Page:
J Clin Densitom doi: 10.1016/j.jocd.2020.05.007.
Introduction: The vertebrae are the most common site for osteoporotic fracture. While they can result in disability and increased mortality, only one-third present clinically. People with multiple fractures are at greater risk of future fractures. Most hip fracture patients are neither diagnosed nor treated for their underlying osteoporosis. Computed tomography (CT) studies are often performed on hospitalised patients, can be used to diagnose osteoporosis and are gaining popularity for opportunistic osteoporosis screening by measuring BMD and other bone strength indices. The aim of this study was to assess the prevalence of vertebral fractures on CT pulmonary angiograms (CTPA) in a cohort of hip fracture patients and whether this increased their diagnosis and treatment rates.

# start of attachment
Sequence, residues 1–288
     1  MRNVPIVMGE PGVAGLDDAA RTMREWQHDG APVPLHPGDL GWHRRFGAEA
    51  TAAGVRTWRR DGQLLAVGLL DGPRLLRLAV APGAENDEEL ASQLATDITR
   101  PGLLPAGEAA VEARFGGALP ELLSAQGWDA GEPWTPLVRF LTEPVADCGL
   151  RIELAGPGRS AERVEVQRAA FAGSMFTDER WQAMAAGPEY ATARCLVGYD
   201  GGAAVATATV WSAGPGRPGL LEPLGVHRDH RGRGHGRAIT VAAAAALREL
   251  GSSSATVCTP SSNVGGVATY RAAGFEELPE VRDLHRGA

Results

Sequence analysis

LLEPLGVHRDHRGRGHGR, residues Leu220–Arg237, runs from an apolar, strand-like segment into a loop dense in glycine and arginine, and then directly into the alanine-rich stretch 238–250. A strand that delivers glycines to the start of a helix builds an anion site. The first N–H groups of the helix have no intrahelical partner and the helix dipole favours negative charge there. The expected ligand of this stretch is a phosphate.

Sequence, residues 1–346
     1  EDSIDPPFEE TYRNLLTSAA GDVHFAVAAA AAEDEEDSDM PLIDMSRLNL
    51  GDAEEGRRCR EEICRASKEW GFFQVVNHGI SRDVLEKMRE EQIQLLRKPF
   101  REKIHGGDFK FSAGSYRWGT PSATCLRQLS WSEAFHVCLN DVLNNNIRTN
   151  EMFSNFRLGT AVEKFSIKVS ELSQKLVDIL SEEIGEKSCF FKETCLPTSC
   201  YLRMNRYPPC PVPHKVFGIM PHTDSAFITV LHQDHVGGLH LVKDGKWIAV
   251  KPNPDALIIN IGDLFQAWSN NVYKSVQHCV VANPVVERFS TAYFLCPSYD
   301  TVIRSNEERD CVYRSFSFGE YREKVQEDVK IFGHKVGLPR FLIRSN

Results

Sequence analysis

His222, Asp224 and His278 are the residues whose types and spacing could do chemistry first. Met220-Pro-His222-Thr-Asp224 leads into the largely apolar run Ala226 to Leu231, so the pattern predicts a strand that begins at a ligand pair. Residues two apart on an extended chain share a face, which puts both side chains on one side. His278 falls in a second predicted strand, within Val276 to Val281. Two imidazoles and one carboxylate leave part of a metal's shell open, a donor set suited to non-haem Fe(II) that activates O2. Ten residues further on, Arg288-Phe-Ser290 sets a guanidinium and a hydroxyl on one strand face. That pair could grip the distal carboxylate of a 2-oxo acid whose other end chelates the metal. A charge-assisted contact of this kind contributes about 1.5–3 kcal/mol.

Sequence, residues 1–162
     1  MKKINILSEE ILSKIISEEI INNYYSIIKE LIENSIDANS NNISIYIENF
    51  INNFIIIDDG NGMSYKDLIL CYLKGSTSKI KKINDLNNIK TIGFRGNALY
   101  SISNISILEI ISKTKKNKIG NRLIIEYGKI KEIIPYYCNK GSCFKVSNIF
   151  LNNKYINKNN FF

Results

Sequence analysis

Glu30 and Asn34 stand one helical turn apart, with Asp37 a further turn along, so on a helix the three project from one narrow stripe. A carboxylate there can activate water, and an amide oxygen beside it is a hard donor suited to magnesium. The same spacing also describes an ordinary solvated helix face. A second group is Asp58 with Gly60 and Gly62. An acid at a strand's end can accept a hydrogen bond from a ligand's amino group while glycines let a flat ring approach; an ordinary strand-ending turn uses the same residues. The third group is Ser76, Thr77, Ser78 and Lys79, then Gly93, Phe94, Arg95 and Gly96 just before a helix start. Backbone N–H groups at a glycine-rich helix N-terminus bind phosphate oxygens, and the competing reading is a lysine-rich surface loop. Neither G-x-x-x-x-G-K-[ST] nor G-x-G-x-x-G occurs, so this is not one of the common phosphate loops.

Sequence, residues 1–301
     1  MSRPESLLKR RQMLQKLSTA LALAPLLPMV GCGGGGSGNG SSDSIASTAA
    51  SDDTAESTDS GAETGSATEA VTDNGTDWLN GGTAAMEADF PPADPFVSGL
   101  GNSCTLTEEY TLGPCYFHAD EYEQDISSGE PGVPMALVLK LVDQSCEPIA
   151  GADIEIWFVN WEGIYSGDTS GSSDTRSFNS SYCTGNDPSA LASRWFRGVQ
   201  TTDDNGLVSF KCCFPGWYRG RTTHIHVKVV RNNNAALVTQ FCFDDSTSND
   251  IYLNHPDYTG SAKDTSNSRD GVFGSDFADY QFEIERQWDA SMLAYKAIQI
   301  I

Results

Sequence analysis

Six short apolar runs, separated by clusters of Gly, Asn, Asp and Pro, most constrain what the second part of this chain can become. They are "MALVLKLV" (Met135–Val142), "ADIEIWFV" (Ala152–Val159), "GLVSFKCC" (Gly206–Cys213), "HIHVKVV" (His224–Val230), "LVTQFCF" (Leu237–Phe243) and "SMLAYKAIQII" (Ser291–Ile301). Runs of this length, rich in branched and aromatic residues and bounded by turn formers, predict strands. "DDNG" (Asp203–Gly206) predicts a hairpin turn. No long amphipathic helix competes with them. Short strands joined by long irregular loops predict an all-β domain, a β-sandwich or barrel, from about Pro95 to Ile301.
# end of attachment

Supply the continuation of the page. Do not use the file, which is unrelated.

Methods: We retrospectively identified all hip fractures admitted to our institution between 2010 and 2017 to identify those who underwent CTPA scans. An independent, blinded consultant musculoskeletal radiologist reviewed the images for vertebral fractures and quantified severity using Genant criteria. Results were compared to the original radiology report, discharge diagnoses and treatment rates for osteoporosis.
Results: Eleven percent (225/2122) of patients had CTPA images available. Seventy percent (158) were female with a mean age of 78 years (SD: 11). The median length of stay for all patients was 16 days (1-301). Forty percent (90) of patients had at least one vertebral fracture present and 20% (46) had more than one fracture. Only one in 5 radiology reports noted the fractures. 24% of subjects had osteoporosis treatment recorded at hospital discharge and there was no difference between those with vertebral fractures to those without.
Conclusion: Many hip fracture patients have undiagnosed spine fractures. A screening strategy which evaluates CT scans for fractures has potential to increase diagnosis and treatment rates of osteoporosis. However, more work is needed to increase awareness.